When Rollande Guinois took the stage at the spring meeting of the Quebec Produce Growers Association to receive a lifetime achievement award, the sold-out crowd gave her not one but two standing ovations.
Those who worked with the Carrot and Onion Girl, who recently turned 80, still consider Guinois a friend. Younger growers, hearing her story for the first time, were in awe of the woman who single-handedly opened the U.S. market to Quebec produce in the 1960s, a time when most women worked at home with large families.
History of hard work
| Courtesy Quebec Produce Growers Association
Laurent Lessard (from left), minister of Quebec agriculture, fisheries and food; Rollande Guinois, a longtime member of the Quebec fresh produce industry; and Mario Isabelle, president of the Quebec Produce Growers Association visit at QPGAâs spring meeting. Guinois was honored at the meeting with a lifetime achievement award for her contributions to the industry.
In her thank you speech, Guinois shared her award with all the men and women who helped her to advance Quebec agriculture, and with those who continue to choose this difficult way of life.
âI approached my work with love,â she said, âlove of people and love of the earth.â
The oldest of 14, Guinois helped raise her siblings after her mother died. She learned the business working in her father Eugeneâs Montreal produce store at the age of 14, and opened her own store at the age of 19 when he bought land in St. Remi and became a grower.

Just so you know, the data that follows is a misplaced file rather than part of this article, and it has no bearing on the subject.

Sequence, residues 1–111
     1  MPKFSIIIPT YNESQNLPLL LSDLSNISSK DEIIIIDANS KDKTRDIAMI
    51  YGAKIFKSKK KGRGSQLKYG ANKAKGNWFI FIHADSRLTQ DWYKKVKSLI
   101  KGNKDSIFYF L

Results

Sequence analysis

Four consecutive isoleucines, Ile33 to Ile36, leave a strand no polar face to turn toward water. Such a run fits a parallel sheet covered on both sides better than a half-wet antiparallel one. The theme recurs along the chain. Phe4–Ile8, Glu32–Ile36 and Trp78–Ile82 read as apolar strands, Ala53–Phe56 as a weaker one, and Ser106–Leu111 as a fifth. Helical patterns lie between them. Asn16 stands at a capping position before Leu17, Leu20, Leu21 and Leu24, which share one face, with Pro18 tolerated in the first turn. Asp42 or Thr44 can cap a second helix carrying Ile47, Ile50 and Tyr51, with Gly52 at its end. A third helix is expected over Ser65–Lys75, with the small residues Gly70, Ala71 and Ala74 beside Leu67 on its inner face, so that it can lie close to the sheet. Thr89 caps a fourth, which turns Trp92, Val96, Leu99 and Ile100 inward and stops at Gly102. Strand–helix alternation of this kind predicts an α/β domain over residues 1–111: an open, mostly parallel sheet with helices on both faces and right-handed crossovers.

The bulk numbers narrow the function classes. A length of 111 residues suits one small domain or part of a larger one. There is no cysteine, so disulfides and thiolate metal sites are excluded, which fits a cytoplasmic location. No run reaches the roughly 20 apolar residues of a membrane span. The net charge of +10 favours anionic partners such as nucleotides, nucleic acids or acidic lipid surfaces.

In 1964, while working for the family farm, she realized the only solution to surplus produce was to export to the U.S.
Fearless, she headed south and found customers in Boston, New York, Philadelphia, Baltimore, Pennsylvania and Florida.
She eventually added Trinidad and England. To fill orders, she began to build a network of growers in Quebec and Ontario.
âShe was pretty well alone because she spoke English,â said Christiane Begin, one of her two children. âAfter that, a lot of locals got into the export business.â
Her own business
At the age of 53, Guinois formed her own company in St. Remi with Begin, now purchasing manager for Saladexpress in St. Remi.
âShe told me I was in charge of accounting and booking trucks,â Begin recalled of those pre-computer days. âI didnât even know what a skid was, and she didnât have time to teach me, so I learned the hard way.â
In their first year, with no warehouse, the pair loaded four to five trailers a day bound for the U.S.
âWe started at 7 a.m. and finished at midnight seven days a week,â Begin said. âOrders would come in by phone between 8 a.m. and noon, and my mother would spend the rest of the day finding the produce she needed at the right price.â
As the business grew, Guinois became a friend and confidante to countless Quebec growers. She was often out in the fields checking crops and building relationships.
âIf a grower had lettuce ready to cut but no crew, sheâd make a few phone calls so she could fill her order by the end of the day,â Begin said.
Her mother was obsessed with quality, forever asking her daughter, âIs the lettuce big? Is it dry? Is it clean?â
After weathering financial difficulty one year in particular, she picked herself up avoided financial devastation.
âShe would go to all the PMA and CPMA conventions with a friend and come back and say she hadnât slept at all,â Begin said.
âSheâd take a cold shower and keep going.â
Along the way, Guinois befriended many industry pioneers, including Bob Antle of Tanimura & Antle.
Begin said her mother still loves to travel, and she still misses the produce business.
âWhat matters in life isnât so much oneâs successes,â Guinois told the crowd, âbut the people who cross our paths and who help and support us every day.â
(Note: This article has been corrected to accurately reflect Rollande Guinois' financial situation in hard economic times of the past.)